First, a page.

It’s a romance thing, it’s wanting what you can’t have.  To be swept away by white stallions and a prince who will give you everything you can imagine.

I’m a happy woman.  I am in a relationship with a man who loves, respects, and cherishes me.  he spoils me and treats me as close to a princess as I’ve been treated since I was a little girl playing with my cabbage patch dolls that my Daddy got me and going to stage shows with no discernible plot but featuring everything from saturday morning cartoons that I loved.

Do I want a wedding with the glitz and the glamour, with the drama and the blank check?  of course I do.  Every little girl somewhere deep inside wants that.  That one day where everything is perfect, where you’re the center of attention and nothing but you and your loved one matters.  Am I going to get the dream wedding?  Probably not.  There won’t be a carriage ride through town.  There probably wont be a giant room with white curtains and lilies and roses and ivy cascading around us.    But at this point in my life, I can honestly say that grabbing a few friends, grabbing a judge, and getting married in the middle of the day on some summer day would be just as magical and romantic to me.

But enough about me.  We’re talking about the obsession over the British Royals and the wedding this weekend and how absolutely insane it is for Americans to be so obsessed and fascinated with it.  And I think that’s it.  It’s a fascination.

The closest we have is our Celebrities in the States and their weddings are huge affairs with glamor and drama and the news covers them like the events of the century.  But it’s been 30 years since the last royal wedding, they happen so rarely, how can you not be excited?

On a side note, this is the perfect time for England to start giving a great Public Relations moment for next year’s Olympics.  The world is watching you, England, advertise now.  Bring in the excitement, the glamor, the thrill and the wow with this wedding and push it for the Olympics.

There will be hundreds and hundreds of tourists in town for the wedding, use this and the Olympics next year, and bring yourself back up to the top.  You have the stage this weekend, Don’t screw this up!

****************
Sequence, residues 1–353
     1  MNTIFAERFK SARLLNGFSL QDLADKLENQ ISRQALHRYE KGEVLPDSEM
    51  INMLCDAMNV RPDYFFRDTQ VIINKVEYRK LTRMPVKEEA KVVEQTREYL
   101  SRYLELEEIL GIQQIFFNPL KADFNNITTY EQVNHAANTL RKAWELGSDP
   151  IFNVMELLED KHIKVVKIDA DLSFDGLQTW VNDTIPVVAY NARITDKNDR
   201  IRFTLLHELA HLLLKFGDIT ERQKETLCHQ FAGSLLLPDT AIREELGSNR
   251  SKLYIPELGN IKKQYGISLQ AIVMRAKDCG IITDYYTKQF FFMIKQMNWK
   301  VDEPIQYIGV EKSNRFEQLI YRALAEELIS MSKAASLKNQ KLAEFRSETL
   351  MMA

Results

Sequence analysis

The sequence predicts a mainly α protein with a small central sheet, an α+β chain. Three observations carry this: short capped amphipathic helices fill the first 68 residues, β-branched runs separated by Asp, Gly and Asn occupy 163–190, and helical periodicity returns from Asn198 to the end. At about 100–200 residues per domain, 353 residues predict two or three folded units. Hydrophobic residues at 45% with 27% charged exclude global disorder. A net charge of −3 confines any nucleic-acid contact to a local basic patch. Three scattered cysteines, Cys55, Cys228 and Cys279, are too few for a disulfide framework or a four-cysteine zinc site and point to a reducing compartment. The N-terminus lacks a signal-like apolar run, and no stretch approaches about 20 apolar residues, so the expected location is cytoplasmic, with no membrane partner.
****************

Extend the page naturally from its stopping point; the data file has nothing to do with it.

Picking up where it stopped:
Also, congrats to Kate & William!! A wish of Good Luck and Health to you and your future together.  Mazel Tov!


To continue with my educational portion of my blog, I will now expound upon that which was mentioned yesterday and explain what Passover means to me in this modern time.  There are many sides and aspects and thoughts about this, so I promise I will do my best to not confuse or lose you in the thought processes, but I  cannot be certain that I will be successful.

To begin, lets start with the Seder itself.  Seder is the Hebrew word for “Order”, so when you hear somebody invite you to a Seder meal, they are inviting you to not only a Passover dinner, but to an Ordered Meal.  Everything within the Seder has a place, a meaning, and a purpose.  Sadly I do not know these steps and meanings off the top of my head and I did not pack a Hagaddah to bring with me when I moved.  However, if you are curious about the ins and outs of every nuanced step of the Seder, you can find the information on the internet, or purchase a Hagaddah from any bookstore of any reputation.

Most of the Seder is the retelling of the story of the Exodus, please see yesterday’s post.  There are other stories that are told depending upon your family’s traditions.  On every table there is the Seder plate, the matzah plate, and a goblet of wine for Elijah.  More recently, some families have started to add a goblet of Water to honor Miriam, Moses’s sister and a prophetess of her own right.  Some say, but I won’t wade into that argument here.

This is my new Seder plate that my father bought for me and sent me here.  It’s rather lovely, isn’t it.  The squiggly looking letters are Hebrew, and the english translation is just under them.  Starting at the top of the star and moving counter clockwise you have the Bitter Herbs, Egg, Parsley, Horseradish, Haroseth, and the Shank Bone.

This is an unusual plate, I actually believe it’s Sephardic* in origin because it places the Bitter Herbs and the Horseradish separately, whereas the Ashkenazic** Seder Plates usually combine those two together as Bitter herbs and the 6th place belongs to salt water. Each item has a symbolic reason for being on the plate, and each connects back to the story of the Exodus, and of the Jewish people.

  • Bitter Herbs- Usually Horseradish, freshly ground, this recalls to us the bitterness of life in bondage.  It is eaten twice during the Traditional seder, once by itself on Matzah, and then in a sandwich on Matzah with the Haroseth
  • Egg- this is often hard boiled and then roasted in the oven, but that is purely for health safety sake, and also so that if it gets dropped, you don’t have egg yolk oozing everywhere.  In Israel, and most of the world, Passover is a spring holiday, and Eggs symbolize new life, a new year, and a new beginning.
  • Parsley- Or really any greens are acceptable. I have seen some people use lettuce leaves when they could not afford parsley.  This also symbolizes spring, new life and growth.  Parsley and other leafy greens also used to be used in the Temples of Israel to help spread blessings via smoke and water. During the Seder, the Parsley is dipped into the salt water and eaten.